This is the latest from our Gal By Bike columnist Kate Johnson (formerly Kate Laudermilk). See past articles here.
A few weeks ago, five determined gals, including myself, joined together at Western Bikeworks in northwest Portland to learn a thing or two about our beloved steeds. The general consensus between us was that we were all tired of needing someone else to do bike repairs for us.
We wanted to empower ourselves — and Tori Bortman was going to show us how.
Bortman is the frank, to the point, direct, and yet entirely approachable owner of Gracie’s Wrench, a business that helps people “get intimate” with their bicycle. She’s a real no nonsense gal. “If I can do this, anyone can. I am not mechanically inclined,” she assured us. I wasn’t at all surprised to find that she grew up in the Chicagoland area just like myself. We’re a unique and hearty bunch with can-do attitudes. The idea that becoming a master mechanic is within reach for anyone was very prominent in her workshop. Making mistakes was encouraged and celebrated and the needs of the those attending far outweighed any prior written syllabus.
While Bortman teaches a variety of workshops throughout the year for men, women, teens, children, and everyone in between, her series of workshops held at Western Bikeworks this fall were exclusively for women. Broken into three classes, she covered basic maintenance and flat repair, brake repair and replacement, and derailleur adjustment. Each class caps at five students to assure that enough time and attention could be given to each learner.
I attended the brake repair and replacement workshop where four of the five workshop attendees were daily bike commuters and one of the first things that we learned was that our bikes were absolutely, positively, filthy from our daily adventures. When Tori recommended that we get into the habit of cleaning our rims once a week we all collectively gasped. To put our shocked reactions into perspective she likened this process to flossing our teeth in saying “Ya just gotta do it!” That became a theme carried through the entirety of the workshop. If you want your bike to be a safe and lasting form of transportation, there are some things you’ve just gotta do!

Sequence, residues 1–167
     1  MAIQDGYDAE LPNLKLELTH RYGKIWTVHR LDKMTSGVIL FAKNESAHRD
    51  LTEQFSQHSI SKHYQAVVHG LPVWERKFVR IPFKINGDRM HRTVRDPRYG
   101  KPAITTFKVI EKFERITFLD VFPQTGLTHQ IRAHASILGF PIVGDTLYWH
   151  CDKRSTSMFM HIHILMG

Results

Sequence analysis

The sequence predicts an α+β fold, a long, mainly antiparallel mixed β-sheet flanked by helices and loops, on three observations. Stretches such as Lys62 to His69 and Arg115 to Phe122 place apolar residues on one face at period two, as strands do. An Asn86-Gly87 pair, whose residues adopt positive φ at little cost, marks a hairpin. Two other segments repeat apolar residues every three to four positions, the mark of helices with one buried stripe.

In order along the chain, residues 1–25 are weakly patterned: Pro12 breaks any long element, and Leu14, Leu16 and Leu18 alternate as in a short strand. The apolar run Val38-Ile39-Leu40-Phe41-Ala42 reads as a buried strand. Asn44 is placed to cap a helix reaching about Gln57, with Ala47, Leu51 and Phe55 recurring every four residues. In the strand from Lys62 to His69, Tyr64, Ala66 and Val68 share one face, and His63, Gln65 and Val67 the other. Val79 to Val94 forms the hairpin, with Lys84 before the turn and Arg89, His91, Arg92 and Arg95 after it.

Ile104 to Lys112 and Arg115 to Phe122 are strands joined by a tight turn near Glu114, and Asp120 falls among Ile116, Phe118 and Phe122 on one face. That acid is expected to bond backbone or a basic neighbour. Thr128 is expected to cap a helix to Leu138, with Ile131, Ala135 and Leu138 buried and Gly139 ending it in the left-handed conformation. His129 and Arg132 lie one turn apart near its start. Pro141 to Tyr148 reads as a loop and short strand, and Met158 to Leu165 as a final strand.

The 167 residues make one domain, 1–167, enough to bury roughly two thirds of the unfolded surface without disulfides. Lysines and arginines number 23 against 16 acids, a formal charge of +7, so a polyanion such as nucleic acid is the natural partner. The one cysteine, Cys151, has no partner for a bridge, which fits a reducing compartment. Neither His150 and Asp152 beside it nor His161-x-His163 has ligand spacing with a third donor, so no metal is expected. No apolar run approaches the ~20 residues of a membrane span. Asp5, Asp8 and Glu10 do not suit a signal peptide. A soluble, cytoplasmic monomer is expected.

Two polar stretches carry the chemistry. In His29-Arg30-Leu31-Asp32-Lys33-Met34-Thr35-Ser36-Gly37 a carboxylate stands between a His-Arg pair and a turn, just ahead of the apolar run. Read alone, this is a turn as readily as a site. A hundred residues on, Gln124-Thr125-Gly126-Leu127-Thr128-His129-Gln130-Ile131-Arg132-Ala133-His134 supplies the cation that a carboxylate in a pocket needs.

I naively walked into this workshop thinking that I knew a pretty good amount about my brakes. I’ve been riding my bike for thirteen years, commuting by bike for five years, and I know all sorts of mechanics. But, um, turns out I didn’t really know squat about my brakes. Nope. I was like a newborn babe taking in every ounce of information Tori had for me. It wasn’t the first time I had seen someone repair brakes, but it was the first time that someone looked at me and said “now you do it on your own.” I’ll be honest, I was really uncomfortable. I second-guessed every move I made. I am one of those learners that needs someone standing next to me giving me gold stars of approval every five seconds. With four other individuals, that wasn’t a luxury I was afforded, nor would it have been half as effective.
Tori would first do a portion of a repair while we watched and then she set us loose to replicate what we just saw on our own bikes. She came by every few minutes to check in and assure you that you’re doing great. I wasn’t always convinced; but she was.
At the end of the class, after replacing my two back brake pads entirely on my own, and adjusting both my front and back derailleur, I took my bike for a spin. And you know what? It worked. I had done it. Thanks to Tori, I had fixed my own bike. A broad grin spread across my face. “What else can I do?” I thought. I made a mental list of other things I wanted to fix. There was that slight “drip, drip” sound coming from the toilet every minute of every day in my apartment. Could I fix that!? My bike’s headset was a little loose. Could I fix that?! My bathtub needed unclogging. A drain snake and my can-do attitude came to the rescue!
You see, that, I believe, is Tori Bortman’s point. She wants you to set your fears aside and start going for it — bikes and beyond. If a self-proclaimed individual with two left hands and two left feet can do it, anyone can. Thanks for the vote of confidence, Tori. And thanks to Western Bikeworks for hosting this class (and a lot of other cool stuff you can see on their calendar).
If you missed Bortman’s fall workshop series at Western Bikeworks, never fear. There’s another women’s beginner maintenance class on November 20th at the Gracie’s Wrench Studio in northeast Portland. Spots are still available! Learn more at GraciesWrench.com.
— Kate Johnson (formerly Laudermilk)